Vote for Your Favorite Herp!
It’s the most cold-blooded election you’ve ever known. One candidate is slimy, another is scaly, the third just hides when things get tough.
It’s a run-off among the American toad, the Eastern box turtle, and the Eastern ratsnake!
And you get to pick the winner.
Herpetology is the study of amphibians and reptiles, and we’ve picked three of Fairfax County’s most common and popular ones for this election. And this election is open to all ages. No ID required.
All staffed Resource Management Division sites, along with Cub Run RECenter, are polling places as you Vote for Your Favorite Herp now through November 8, 2016. That means you can cast ballots at Hidden Oaks Nature Center, Hidden Pond Nature Center, Riverbend Park, Huntley Meadows Park, Ellanor C. Lawrence Park, Green Spring Gardens, Frying Pan Farm Park, Sully Historic Site, Colvin Run Mill Historic Site, or at Cub Run.
There are ballots and a ballot box at each site, and you’ll see campaign posters on display. Sites also will have bookmarks that highlight fun facts about each animal and that list the free programs that will take place at the campaign headquarters.
Hidden Oaks Nature Center in Annandale is campaign headquarters for the Eastern box turtle. Huntley Meadows Park in Alexandria is home base for the American toad. Riverbend Park is Great Falls is throwing its support behind the Eastern ratsnake.
The candidates will appear in person at campaign rallies from 2 p.m. to 3 p.m. on September 24 at Huntley Meadows, from 2:45 p.m. to 3:45 p.m. October 16 at Riverbend, and 2:45 p.m. to 3:45 p.m. November 6 at Hidden Oaks.
This is a campaign to make you smarter. You’ll increase your understanding of and appreciation for reptiles and amphibians. And, although we are running this parallel to this fall’s national election, we must point out that it’s for fun and there is no intention whatsoever of mirroring any actual human candidate, past or present. Yeah, we know, you’ll think that way because Americans poke fun at politicians. But that is not our intent, so don’t go there. Let’s just have some fun.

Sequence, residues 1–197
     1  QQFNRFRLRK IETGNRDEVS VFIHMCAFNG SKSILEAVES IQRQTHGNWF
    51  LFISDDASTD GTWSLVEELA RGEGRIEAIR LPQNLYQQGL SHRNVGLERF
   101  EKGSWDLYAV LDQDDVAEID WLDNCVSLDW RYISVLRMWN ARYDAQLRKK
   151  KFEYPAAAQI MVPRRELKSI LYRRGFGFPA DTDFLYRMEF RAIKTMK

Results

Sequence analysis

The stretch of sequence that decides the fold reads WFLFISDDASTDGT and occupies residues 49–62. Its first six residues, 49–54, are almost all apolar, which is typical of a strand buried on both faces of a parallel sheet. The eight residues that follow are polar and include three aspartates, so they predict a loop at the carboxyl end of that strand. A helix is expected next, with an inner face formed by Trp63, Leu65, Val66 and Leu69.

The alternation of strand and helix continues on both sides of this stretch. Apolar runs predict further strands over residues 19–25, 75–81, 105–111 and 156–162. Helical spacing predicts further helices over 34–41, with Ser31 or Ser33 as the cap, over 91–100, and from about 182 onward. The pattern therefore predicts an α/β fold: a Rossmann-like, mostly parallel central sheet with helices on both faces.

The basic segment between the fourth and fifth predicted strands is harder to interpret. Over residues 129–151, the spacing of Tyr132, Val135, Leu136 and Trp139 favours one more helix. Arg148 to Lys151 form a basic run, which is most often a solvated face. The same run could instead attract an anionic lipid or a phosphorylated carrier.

To vote, visit any of the balloting sites. You can vote once per visit.
Here are the candidates’ campaign platforms:
- Most commonly seen amphibian in our area. Favors moist spaces. Hibernates up to three feet underground. Most active in spring, when mating, and in fall when looking for a place to hibernate. Harmless, intriguing chubby creatures.
- Has an arsenal of defense strategies. Can ooze a toxin from parotid glands, play dead, inflate to look larger and/or urinate when threatened. Camouflage pattern and coloring adds protection.
- A gentle, peace-loving candidate, strong on defense and taking care of problem species (bugs and worms). Weak on population control (lays hundreds of eggs). Plagued with bad public relations regarding the causing of warts and folklore about association with witches.
- Harmless. Most commonly seen snake. Juveniles are aggressive and often misidentified as the venomous Northern copperhead. Only snake native to Virginia that can be six–feet long.
- An excellent climber. Can lay eggs in trees and can eat eggs and baby birds in nests.
- A constrictor. Eats a variety of prey, including mice, rats, birds and amphibians.
- Adults are gentle unless provoked. Intimidates with its size and its method of eating its prey whole. Bad public relations as being a top predator and incorrectly thought to be venomous. Strongest of the candidates. Fast, lethal reactions toward small mammals, reptiles, birds and amphibians. Great at clearing out mice and rats that carry disease-causing pests (fleas/ticks/lice) and that spread disease through their droppings.
Eastern Box Turtle
- Most common terrestrial turtle known. Only local species that can entirely close itself within its shell.
- Numbers are down due to being collected for pets and loss of habitat. Lives in moist places such as woodlands and stream valleys.
- Longest living of all the candidates, potentially more than 100 years. Diet ranges from dead animals to plants to small animals. Can eat poisonous mushrooms, which will make their own meat toxic.
- Perceived as the friendliest of all the candidates. Has a defense-in-place strategy. Traditionally thought to be wise due to their age and slow, steady ways. Lays only a few eggs per year. Population control is not an issue, but rivals challenge its bravery in the face of any adversity.
Vote today! And again tomorrow!
Author Suzanne Holland is the Visitor Services Manager at Hidden Oaks Nature Center in Annandale.